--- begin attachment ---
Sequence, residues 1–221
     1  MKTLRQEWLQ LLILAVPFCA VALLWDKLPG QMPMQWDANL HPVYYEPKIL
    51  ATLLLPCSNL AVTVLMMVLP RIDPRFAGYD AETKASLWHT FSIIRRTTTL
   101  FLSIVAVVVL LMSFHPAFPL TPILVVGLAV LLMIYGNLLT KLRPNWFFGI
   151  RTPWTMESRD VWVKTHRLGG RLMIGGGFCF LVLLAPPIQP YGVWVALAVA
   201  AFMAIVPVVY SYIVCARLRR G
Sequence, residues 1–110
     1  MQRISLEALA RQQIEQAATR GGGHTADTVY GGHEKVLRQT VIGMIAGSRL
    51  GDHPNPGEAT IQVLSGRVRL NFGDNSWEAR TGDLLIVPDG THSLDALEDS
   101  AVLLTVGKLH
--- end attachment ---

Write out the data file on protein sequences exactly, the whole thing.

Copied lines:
Sequence, residues 1–221
     1  MKTLRQEWLQ LLILAVPFCA VALLWDKLPG QMPMQWDANL HPVYYEPKIL
    51  ATLLLPCSNL AVTVLMMVLP RIDPRFAGYD AETKASLWHT FSIIRRTTTL
   101  FLSIVAVVVL LMSFHPAFPL TPILVVGLAV LLMIYGNLLT KLRPNWFFGI
   151  RTPWTMESRD VWVKTHRLGG RLMIGGGFCF LVLLAPPIQP YGVWVALAVA
   201  AFMAIVPVVY SYIVCARLRR G
Sequence, residues 1–110
     1  MQRISLEALA RQQIEQAATR GGGHTADTVY GGHEKVLRQT VIGMIAGSRL
    51  GDHPNPGEAT IQVLSGRVRL NFGDNSWEAR TGDLLIVPDG THSLDALEDS
   101  AVLLTVGKLH